As gay as it may sound, I like making people happy. I enjoy seeing the smile on someone's face and it was because of my actions that it happened. I enjoy evoking an emotional response out of someone. So over time I learnt about how to do that on a much larger scale.
Two of the greatest and most influential examples for me are the end of Gurren Lagann and the end of Toy Story 3. Love both of them.
Both of which are why storytelling are key to me. Until something is unique enough for me, it won't be released.

Those are good reasons, good on you!

Couldn't afford the comic when it came out, but saw it premiered in a comic book and on Liquid Television. Last series I seriously watched on MTV, in fact. watchcartoononline.com has it :) I loved the use of color, perspective, plot device, humanity...
Hey! Then there's your work! All at my fingertips, waiting for immersion and just as deep as any Stephen King novel I've read. I think the Maxx set me off as well; that was about the time I wrote and produced my first screenplay.
It was really nice to read such a clear perspective on the subject of animation, and of the joy of weaving the tale. You saying that here, is an asset to all of us.

Your comments warm my icy heart...

Why I got in to animated? It's all thanks to NG, though I can't say I've spent that much time in the animation department. It's thanks to NG I started making games, music and websites as well, it all started here. Good reading btw!


Animation? I haven't made anything right now, but I'm trying to make something at least acceptable with certain 3D programs. I got into animation simply because I like telling stories. Be it something funny, unimportant, or deep and philosophic, I simply like creating it.

Also, thanks for making me discover this series. I'l be sure to check it out.

It's a pretty good series, not as good as "spawn", or "cowboy bebop", but still fucking boss regardless!

My reasons for getting into animation were the golden age of cartoons (1928-1953), MTV's animation, video games, the first three seasons of South Park, Ralph Bakshi, Ren and Stimpy, and early newgrounds pioneers such as Ben Spurgin, Mindchamber, Edmund McMillen, Ben Apgar, Doug Sauncy, McFretN, Genryu's Blade, Em Kaah, Ninjai, Clark Lybeck, Randy Solem, Brian Beaton, and so many that I can't really mention them all.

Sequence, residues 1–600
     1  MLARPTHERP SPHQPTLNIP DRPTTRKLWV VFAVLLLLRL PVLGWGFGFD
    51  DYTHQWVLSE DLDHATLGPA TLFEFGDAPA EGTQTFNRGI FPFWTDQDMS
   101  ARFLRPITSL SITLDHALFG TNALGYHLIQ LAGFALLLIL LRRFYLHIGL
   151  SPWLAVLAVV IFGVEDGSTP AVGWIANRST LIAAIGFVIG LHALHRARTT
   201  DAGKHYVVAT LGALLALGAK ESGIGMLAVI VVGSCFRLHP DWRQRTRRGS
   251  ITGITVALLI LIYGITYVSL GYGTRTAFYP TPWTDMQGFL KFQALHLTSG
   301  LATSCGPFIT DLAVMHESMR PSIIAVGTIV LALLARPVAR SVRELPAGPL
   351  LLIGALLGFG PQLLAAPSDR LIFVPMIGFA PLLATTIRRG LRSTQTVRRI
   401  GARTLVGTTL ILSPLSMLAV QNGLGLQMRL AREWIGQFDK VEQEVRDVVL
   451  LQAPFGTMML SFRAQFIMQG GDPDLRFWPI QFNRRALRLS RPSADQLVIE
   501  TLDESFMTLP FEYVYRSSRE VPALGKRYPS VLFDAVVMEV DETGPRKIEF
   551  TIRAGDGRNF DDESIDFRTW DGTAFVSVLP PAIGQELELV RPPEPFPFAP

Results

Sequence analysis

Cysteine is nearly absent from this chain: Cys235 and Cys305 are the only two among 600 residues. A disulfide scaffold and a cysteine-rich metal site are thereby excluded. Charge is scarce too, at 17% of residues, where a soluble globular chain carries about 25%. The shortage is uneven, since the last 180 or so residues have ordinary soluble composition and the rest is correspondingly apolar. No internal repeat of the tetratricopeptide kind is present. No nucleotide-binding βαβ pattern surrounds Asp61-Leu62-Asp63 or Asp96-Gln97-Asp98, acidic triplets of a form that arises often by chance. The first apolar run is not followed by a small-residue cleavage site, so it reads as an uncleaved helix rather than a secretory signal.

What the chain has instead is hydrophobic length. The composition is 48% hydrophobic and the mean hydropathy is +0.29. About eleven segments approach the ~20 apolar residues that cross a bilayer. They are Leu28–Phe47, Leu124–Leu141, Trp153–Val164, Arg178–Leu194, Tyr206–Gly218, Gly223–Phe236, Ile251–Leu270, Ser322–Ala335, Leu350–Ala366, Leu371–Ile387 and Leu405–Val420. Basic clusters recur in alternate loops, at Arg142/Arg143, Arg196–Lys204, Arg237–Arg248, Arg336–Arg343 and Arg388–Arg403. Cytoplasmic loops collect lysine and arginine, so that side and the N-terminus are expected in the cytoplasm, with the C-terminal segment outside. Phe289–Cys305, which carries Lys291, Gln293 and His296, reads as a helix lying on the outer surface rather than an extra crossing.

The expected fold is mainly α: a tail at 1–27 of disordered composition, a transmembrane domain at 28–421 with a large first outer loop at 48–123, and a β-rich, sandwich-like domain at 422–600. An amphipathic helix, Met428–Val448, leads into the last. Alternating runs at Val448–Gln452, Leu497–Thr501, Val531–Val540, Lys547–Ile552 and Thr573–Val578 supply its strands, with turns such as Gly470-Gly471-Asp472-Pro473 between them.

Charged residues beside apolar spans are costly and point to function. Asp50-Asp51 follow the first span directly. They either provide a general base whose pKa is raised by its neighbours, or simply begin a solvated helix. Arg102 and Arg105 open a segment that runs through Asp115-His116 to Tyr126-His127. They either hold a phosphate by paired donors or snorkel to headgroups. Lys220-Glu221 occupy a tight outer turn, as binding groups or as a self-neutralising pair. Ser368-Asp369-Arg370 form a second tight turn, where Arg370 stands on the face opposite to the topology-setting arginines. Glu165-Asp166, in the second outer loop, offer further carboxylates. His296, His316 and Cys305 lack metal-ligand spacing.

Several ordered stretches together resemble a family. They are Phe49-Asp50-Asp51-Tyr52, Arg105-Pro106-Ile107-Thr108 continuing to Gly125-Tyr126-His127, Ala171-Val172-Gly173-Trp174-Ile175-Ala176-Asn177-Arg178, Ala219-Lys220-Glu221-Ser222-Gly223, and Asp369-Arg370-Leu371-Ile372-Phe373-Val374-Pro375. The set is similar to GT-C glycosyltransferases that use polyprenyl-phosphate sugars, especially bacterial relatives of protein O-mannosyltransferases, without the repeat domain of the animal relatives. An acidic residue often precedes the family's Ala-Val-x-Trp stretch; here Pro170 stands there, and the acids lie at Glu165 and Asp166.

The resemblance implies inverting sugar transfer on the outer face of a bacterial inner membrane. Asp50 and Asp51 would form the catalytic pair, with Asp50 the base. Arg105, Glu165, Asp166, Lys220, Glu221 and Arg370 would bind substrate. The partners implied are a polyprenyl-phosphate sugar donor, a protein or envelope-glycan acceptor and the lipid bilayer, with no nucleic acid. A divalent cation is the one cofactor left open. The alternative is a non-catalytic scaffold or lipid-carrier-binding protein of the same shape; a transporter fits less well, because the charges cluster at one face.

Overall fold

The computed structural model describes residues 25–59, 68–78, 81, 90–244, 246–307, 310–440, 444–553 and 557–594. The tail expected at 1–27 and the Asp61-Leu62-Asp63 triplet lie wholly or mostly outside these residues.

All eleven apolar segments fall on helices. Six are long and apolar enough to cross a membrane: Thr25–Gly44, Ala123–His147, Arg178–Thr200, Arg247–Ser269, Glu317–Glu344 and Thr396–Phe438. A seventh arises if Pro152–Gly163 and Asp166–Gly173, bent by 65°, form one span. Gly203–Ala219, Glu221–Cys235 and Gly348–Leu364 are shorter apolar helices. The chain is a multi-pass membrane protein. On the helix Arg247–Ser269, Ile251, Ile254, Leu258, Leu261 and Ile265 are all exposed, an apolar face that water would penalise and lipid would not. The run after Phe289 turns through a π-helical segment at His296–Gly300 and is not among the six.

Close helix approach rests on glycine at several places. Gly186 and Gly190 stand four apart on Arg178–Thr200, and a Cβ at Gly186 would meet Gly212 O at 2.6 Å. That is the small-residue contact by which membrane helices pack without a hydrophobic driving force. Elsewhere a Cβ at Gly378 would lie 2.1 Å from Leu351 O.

Those are all good reasons to have an interest in the animation field...

I grew up with reruns of MIckey Mouse, Tom and Jerry and Felix the Cat (Austerity's new icon). I saw the advent of the Smurfs, the Jetsons... The persistence of vision thing was interesting, and I futzed with it in school. The 1980's were about cable TV and MTV, and the odd dubbed anime masterpiece... then in the mid-90's I started my first video/movie, then made some nice cash being a videographer.
Right before my equipment died, I found Newgrounds, after local radio shock jock Howard Stern mentioned it. I would've loved contacting animators, and debuting their work on my Public Access TV show, but alas, it wasn't meant to be.
\/ Randy Solem was also a great writer and critic of video games, but his words (on his old website, which I used to visit after being on NG, around the turn of the century) are locked behind an old subscription banner :|